What’s a Fenrir, Anyway? by Coral Moore
I’ve long been fascinated with Norse mythology. I prefer the northern myths to most other flavors because their gods and goddess seem more complicated and more flawed. You’re just as likely to find the Norse pantheon arguing over dinner as imposing their will on hapless mortals. In fact, in contrast to their Greek and Roman cousins, the Norse gods are more concerned with their own business on a day-to-day basis than whatever their subjects are up to.
Most of the activity of the old northern gods was focused on preventing the coming of Ragnarok, the Norse version of doomsday. Well, except for one fellow named Loki. He doesn’t want Ragnarok to happen, exactly; it’s just that he really doesn’t care one way or another, and in general he just likes causing mischief. You may be wondering what all that has to do with my subject. Simple, Loki is the father of the beast Fenrir. The trickster had a penchant for fathering—and actually giving birth to in at least once instance—troublesome offspring via his over- active libido.
Described as a monstrous wolf, Fenrir is involved in many of the Norse tales, though he’s never a central character. He was prophesized to consume Odin—the king of the gods. In addition, Fenrir would father two more huge wolves which would devour the sun and the moon, and thus begin Ragnarok. Fear of the Fenrir and his brood prompted the binding of the wolf which led to the eventual loss of a hand by Tyr, the god of war.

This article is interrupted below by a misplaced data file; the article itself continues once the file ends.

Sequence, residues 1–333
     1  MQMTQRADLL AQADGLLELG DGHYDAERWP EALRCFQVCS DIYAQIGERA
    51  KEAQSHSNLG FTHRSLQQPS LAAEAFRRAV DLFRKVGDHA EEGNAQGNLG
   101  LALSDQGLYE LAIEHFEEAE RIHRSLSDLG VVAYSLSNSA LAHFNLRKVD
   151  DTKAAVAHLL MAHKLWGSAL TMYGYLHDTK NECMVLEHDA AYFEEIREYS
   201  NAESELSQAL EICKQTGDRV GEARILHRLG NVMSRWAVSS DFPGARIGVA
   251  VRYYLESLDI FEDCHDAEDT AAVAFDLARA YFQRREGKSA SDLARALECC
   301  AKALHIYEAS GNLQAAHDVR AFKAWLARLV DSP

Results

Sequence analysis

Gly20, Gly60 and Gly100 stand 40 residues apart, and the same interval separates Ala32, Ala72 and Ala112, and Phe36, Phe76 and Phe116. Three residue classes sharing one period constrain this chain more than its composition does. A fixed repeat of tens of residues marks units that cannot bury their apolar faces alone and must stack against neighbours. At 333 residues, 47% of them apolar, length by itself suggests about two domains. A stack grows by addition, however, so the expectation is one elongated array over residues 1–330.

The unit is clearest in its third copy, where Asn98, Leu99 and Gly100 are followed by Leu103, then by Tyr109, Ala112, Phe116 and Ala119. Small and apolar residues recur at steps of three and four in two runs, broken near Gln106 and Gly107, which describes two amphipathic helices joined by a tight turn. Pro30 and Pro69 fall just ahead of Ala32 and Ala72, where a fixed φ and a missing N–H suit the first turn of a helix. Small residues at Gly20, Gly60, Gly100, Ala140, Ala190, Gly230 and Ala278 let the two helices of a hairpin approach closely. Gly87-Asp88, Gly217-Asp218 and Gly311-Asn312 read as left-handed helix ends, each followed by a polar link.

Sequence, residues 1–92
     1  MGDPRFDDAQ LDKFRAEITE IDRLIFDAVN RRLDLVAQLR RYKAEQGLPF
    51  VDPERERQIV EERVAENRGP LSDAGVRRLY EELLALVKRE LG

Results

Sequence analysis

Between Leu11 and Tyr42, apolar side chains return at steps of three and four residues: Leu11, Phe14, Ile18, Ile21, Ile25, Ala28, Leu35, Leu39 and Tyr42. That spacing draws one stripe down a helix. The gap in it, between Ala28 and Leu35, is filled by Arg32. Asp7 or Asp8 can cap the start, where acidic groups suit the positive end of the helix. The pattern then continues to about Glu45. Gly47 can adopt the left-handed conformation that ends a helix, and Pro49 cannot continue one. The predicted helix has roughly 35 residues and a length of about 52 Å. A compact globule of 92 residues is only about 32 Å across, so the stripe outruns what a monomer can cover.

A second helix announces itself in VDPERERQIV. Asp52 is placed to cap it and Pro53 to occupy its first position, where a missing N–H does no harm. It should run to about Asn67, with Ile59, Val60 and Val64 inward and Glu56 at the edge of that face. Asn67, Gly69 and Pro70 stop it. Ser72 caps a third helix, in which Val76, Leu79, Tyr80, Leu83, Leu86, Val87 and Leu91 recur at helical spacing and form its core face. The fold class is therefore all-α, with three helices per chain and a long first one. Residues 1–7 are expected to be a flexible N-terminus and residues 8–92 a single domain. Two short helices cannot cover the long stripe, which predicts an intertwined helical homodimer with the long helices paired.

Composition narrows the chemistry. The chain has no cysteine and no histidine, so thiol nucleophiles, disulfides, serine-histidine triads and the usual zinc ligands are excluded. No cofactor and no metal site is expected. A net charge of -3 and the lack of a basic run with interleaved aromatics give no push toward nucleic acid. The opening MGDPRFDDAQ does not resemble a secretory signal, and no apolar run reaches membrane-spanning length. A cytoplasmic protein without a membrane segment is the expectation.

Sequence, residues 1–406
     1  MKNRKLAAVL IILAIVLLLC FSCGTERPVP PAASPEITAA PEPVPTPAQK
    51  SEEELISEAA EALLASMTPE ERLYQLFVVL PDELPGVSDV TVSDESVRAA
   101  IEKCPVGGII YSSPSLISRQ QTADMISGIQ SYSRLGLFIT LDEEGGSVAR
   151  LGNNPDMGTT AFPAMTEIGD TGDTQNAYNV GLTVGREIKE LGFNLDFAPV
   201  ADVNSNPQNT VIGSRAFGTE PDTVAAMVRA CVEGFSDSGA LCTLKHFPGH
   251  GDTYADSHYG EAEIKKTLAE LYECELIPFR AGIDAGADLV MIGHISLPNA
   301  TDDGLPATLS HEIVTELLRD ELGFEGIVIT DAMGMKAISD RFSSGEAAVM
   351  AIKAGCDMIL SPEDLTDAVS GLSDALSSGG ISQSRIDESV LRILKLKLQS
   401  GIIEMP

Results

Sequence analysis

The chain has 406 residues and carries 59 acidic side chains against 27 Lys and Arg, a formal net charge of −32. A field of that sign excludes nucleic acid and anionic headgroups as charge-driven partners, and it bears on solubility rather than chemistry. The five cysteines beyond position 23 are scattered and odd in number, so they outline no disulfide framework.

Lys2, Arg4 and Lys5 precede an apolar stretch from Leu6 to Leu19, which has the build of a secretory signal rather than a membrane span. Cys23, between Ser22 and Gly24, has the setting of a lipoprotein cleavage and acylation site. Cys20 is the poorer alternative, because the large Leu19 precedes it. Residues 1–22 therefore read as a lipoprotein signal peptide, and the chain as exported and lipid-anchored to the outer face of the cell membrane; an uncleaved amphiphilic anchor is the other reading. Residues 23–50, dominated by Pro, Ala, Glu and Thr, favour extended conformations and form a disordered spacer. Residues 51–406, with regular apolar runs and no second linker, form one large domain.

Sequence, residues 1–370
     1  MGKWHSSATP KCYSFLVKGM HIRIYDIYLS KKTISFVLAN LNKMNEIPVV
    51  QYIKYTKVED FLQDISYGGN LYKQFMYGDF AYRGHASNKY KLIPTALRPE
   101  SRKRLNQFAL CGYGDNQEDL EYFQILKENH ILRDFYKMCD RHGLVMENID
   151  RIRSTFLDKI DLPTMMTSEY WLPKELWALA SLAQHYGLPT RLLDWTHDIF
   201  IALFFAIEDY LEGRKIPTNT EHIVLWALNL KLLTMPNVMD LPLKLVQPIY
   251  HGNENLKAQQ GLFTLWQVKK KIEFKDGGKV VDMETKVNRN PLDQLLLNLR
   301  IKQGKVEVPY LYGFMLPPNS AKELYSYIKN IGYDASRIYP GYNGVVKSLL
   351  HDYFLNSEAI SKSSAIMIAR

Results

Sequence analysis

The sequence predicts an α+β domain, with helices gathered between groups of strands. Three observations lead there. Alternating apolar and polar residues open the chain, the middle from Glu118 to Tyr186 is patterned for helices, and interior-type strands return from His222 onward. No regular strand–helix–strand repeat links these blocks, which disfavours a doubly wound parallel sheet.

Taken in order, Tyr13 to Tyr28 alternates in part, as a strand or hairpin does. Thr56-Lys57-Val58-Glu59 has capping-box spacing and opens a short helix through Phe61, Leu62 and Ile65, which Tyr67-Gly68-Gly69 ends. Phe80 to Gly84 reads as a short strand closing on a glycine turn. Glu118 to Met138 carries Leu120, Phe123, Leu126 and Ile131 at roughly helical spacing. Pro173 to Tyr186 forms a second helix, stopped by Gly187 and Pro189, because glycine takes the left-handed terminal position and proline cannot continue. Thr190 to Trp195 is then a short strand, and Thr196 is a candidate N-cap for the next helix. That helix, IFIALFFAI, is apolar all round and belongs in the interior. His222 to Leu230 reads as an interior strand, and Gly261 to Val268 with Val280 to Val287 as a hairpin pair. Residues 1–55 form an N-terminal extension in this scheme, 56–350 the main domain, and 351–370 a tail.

You might wonder, like I did, what exactly you would bind a giant wolf with. The answer is given in the 34th chapter of Gylfaginning, one of the stories in the Prose Edda: “noise of a cat's step, the beards of women, the roots of mountains, the nerves of bears, the breath of fishes, and the spittle of birds.” All things that are insubstantial, yet must exist.
This mythology is all in the distant background of my Urban Fantasy novel, Broods of Fenrir. The werewolves in my story are thought to be the descendants of Fenrir and gifted with the ability to change into wolves.
If you like to chat about mythology and werewolves as much as I do, look me up on my website or on twitter.
Shapeshifter Brand Geirson was raised to rule the Broods of Fenrir, but he refused his birthright. Instead, he killed their brutal leader– his own father–and walked away.
For hundreds of years he’s avoided brood society, until a werewolf kills an innocent human woman and Brand finds himself dragged back into the violent politics of the shapeshifters. When the two brood women who mean the most to him come under threat, he must take up the throne and risk becoming the kind of vicious bastard his father was, or let the broods descend further into chaos–taking the friend he swore to protect and his lover with them.
Author: Coral Moore
Genre: Urban Fantasy
Tagline: Not even a werewolf can outrun the past.
Length: 60,000 words or 210 paperback pages
Warnings: Violence, Strong Language and Sexual Content